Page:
Driving off in a rental car that has even a small issue could end up stinging you with extra fees later. Here are four instances when you should consider asking for a different rental car.
4 Times When You Should Veto Your Rental Car
You see lots of dings and scratches.
When you pick up your car, always take a few minutes to look over the car before driving away. Take photos of every dent, ding, and scratch on the vehicle’s exterior and interior. Take photos of the wheels and the windshield. Don’t believe the rental agent when he tells you that small dents or scratches “an inch or smaller” don’t count. If you can’t prove that these dings didn’t happen on your watch, you could be held accountable for those dents later on. The “before” photos you take could come in very handy should there be a car rental insurance claim.
Unless the car is brand new, there will likely be some damage you’ll want to capture. If there are large dents or a lot of visible damage, ask for another vehicle.
There should be a form where you can note the condition of the vehicle. It will have a diagram of a car where you can note with an X where you find any dents or damage. When you return the car, take another round of photos of the car’s exterior and interior. Cover the same ground as you did previously and pay special attention to the windshield. Ideally, the before and after photos will be virtually identical.
If you notice even the tiniest scratch when you look over the car, ask the car rental agent to walk around the car with you. Insist that he or she signs off on the inspection form, confirming that the car is in good condition.
You smell smoke.
The major rental car companies in the United States and Canada run smoke-free rental car fleets. When renters violate this rule, they get stuck paying cleaning fees for rental cars.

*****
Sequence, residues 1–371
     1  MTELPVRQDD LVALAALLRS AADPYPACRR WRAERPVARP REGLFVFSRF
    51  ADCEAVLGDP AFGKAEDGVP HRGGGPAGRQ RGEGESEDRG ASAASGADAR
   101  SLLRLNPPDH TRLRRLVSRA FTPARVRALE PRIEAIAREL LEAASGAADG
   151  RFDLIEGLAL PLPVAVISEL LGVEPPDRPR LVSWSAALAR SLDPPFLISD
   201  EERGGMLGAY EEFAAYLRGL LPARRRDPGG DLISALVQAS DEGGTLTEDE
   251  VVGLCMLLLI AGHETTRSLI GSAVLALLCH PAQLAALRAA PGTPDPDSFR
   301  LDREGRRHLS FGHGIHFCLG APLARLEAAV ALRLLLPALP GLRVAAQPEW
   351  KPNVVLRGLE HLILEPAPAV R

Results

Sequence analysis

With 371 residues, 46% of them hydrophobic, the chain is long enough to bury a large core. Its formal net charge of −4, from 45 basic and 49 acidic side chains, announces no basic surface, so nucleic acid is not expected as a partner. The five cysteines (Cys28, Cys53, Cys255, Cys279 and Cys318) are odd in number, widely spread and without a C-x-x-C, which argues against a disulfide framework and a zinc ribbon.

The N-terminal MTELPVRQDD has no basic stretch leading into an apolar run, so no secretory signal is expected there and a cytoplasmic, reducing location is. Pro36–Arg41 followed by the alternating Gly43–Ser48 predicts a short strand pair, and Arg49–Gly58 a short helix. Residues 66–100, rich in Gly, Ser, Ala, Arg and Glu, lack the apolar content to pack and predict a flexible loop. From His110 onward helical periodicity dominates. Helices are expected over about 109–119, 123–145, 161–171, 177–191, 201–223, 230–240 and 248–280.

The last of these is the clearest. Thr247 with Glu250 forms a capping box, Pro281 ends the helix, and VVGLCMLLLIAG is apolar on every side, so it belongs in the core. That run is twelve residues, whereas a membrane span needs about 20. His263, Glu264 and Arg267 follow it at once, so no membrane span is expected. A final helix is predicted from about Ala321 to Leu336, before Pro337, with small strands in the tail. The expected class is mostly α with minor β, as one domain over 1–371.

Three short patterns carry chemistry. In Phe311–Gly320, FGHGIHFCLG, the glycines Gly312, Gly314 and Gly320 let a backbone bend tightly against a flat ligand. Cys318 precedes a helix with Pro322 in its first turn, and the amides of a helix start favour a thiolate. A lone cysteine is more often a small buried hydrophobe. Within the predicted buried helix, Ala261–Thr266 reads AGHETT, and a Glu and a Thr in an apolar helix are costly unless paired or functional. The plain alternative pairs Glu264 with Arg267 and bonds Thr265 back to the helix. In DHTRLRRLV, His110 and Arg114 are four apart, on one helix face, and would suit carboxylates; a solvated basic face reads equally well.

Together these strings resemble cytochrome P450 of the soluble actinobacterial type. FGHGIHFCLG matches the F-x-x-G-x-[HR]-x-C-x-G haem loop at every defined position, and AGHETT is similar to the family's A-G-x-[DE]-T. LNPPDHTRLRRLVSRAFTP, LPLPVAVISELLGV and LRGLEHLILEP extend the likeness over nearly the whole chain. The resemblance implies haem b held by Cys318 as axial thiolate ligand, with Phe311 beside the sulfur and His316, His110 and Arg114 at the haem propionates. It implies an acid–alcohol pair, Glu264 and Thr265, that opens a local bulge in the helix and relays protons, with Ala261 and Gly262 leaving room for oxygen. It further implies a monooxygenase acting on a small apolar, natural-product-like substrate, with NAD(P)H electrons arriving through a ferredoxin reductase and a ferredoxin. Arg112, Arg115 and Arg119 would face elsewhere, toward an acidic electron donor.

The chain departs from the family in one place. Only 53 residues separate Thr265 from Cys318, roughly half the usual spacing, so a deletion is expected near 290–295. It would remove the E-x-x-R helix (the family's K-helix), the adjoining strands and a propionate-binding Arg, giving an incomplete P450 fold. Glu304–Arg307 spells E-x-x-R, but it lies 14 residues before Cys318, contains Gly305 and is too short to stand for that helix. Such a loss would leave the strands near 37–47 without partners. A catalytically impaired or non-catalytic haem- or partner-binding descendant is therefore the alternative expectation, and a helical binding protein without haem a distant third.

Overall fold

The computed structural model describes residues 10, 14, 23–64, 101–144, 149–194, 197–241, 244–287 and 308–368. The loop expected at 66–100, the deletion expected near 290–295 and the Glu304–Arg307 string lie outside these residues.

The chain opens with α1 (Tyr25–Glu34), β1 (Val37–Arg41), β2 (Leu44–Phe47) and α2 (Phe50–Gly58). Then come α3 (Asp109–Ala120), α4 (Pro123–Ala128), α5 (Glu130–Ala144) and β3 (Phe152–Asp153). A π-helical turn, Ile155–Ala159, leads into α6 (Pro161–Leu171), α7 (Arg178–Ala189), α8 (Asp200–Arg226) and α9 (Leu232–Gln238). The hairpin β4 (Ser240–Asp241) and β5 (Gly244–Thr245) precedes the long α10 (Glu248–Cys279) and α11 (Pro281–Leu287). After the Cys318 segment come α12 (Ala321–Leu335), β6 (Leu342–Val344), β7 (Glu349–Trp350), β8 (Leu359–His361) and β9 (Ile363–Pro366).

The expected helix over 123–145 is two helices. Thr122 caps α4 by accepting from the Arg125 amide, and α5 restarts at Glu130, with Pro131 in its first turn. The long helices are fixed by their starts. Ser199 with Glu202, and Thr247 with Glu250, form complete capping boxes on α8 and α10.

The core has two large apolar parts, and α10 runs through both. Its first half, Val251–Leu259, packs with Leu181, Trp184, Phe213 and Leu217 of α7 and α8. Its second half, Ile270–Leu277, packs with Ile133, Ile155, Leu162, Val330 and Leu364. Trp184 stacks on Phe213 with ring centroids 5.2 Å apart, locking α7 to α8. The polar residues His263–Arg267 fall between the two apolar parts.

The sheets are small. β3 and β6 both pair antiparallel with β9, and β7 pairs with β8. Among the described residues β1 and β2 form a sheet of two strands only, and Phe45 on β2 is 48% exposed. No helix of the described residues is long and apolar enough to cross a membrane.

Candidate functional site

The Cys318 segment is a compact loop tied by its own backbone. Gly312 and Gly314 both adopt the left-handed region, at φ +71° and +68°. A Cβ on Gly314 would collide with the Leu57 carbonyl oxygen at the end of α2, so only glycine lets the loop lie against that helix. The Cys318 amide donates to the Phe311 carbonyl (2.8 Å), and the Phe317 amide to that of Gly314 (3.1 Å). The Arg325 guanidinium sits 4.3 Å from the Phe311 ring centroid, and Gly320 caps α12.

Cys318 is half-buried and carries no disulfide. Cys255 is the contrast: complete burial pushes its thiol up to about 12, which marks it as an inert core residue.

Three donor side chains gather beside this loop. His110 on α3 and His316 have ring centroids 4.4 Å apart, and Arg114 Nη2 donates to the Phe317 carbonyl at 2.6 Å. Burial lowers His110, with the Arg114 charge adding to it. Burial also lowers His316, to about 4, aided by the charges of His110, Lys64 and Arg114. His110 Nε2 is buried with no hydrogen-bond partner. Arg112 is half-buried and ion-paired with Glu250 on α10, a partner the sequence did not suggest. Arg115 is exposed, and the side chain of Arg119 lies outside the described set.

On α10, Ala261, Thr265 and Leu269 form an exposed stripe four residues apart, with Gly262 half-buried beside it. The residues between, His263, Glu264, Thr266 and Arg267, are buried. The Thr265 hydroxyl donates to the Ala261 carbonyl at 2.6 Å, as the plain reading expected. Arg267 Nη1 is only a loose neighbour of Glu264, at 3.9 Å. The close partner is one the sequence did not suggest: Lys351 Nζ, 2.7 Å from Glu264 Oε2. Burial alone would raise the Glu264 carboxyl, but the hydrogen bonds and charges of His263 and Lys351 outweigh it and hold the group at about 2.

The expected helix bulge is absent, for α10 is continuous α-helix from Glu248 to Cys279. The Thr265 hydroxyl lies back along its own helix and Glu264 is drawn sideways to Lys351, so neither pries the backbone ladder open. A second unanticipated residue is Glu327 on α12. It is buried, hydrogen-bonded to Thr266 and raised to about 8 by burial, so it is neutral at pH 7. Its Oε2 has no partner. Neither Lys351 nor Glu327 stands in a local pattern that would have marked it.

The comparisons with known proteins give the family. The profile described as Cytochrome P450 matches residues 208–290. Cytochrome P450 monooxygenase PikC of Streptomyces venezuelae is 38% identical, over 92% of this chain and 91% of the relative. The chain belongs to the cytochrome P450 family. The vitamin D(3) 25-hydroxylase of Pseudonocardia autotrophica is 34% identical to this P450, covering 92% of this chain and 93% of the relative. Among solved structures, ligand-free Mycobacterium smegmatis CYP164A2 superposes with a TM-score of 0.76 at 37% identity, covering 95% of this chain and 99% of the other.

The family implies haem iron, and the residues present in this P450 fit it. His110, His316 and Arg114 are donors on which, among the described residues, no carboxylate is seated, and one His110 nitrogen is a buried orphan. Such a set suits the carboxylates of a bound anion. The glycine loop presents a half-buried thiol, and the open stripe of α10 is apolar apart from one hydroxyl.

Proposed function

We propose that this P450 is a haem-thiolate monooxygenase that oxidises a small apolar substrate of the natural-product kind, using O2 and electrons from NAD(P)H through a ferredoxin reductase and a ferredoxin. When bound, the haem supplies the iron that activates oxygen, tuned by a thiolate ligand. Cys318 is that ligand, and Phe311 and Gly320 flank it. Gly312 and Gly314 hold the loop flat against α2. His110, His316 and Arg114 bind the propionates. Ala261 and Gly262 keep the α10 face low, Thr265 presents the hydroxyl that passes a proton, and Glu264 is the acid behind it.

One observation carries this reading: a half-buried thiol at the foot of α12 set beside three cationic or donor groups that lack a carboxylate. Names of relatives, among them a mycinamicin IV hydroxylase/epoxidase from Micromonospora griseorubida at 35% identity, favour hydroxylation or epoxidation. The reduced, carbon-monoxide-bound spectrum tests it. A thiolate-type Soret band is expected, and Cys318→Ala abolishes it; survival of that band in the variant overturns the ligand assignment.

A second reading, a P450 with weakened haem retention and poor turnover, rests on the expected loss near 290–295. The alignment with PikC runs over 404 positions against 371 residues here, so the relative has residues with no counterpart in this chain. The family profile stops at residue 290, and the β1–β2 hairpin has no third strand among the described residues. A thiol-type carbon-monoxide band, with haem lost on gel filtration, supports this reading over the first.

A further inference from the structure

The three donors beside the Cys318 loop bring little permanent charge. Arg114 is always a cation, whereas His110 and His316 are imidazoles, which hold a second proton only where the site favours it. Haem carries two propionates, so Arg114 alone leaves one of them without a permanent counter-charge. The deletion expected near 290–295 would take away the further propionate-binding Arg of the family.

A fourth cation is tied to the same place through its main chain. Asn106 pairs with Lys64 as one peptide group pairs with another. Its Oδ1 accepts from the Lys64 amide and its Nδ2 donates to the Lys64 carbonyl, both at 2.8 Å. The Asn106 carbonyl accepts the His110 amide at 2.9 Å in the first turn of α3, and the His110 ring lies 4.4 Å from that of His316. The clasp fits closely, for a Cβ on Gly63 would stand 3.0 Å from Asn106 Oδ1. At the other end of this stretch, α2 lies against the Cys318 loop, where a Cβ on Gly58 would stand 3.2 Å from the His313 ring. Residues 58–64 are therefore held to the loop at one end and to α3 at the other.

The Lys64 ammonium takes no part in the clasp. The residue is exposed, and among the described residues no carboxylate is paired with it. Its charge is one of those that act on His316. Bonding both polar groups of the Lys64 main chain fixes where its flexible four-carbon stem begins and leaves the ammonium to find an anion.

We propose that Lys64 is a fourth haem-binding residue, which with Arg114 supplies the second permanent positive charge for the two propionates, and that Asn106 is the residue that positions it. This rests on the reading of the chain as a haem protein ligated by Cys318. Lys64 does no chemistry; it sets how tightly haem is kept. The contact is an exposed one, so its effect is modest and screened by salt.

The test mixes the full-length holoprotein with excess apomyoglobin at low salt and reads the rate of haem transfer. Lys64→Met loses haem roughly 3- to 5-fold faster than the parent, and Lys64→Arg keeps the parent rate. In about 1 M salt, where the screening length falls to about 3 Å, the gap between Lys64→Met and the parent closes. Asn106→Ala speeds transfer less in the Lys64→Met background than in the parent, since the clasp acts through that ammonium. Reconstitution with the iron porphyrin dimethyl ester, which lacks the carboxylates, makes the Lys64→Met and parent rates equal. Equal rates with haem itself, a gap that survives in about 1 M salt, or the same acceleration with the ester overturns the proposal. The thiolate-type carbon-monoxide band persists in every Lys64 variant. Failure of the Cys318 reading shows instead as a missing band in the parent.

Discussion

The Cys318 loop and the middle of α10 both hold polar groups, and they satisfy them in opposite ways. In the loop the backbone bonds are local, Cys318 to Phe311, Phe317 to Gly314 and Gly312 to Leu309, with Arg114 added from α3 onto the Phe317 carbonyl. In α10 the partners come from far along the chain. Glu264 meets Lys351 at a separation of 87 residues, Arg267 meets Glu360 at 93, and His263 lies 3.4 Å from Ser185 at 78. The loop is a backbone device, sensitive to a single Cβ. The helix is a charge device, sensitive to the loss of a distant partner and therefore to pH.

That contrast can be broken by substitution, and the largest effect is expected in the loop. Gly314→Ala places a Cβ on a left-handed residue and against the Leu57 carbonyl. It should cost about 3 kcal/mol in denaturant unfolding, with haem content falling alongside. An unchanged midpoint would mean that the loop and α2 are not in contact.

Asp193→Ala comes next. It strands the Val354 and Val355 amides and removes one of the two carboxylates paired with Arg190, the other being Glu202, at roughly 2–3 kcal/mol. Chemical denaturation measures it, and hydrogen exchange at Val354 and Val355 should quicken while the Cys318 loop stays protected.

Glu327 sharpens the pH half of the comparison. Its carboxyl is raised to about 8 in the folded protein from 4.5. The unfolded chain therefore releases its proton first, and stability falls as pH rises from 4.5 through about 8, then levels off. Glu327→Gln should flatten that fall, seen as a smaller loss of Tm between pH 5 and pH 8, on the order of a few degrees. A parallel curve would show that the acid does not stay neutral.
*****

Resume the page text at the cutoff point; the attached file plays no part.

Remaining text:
If you pick up a vehicle and smell smoke, you should reject it immediately and ask for another. Not only is it unpleasant to drive a car with the lingering odor of tobacco, but you might get slapped with a fee later if the rental company accuses you of being the culprit.
The car is telling you something is wrong.
If you turn the ignition and see that the “check engine light” is on, or there’s any other mechanical warning—say for the battery or oil level, that’s an indication that you should turn down this car and get another.
The car is not what you reserved.
If you reserved a car with automatic transmission and they gave you a vehicle with a stick shift, swap your car. While this usually isn’t an issue in North America, it can sometimes happen outside the country.
Recently we’ve noticed that rental companies often show zero availability when our customers request a quote. We’re also hearing from customers who arrive at the pickup location only to be given an electric vehicle when they booked a gas-powered car.
If you get in a car that just feels so different to what you’re used to driving that you’re not sure you can scale the learning curve and drive safely, ask for a different car.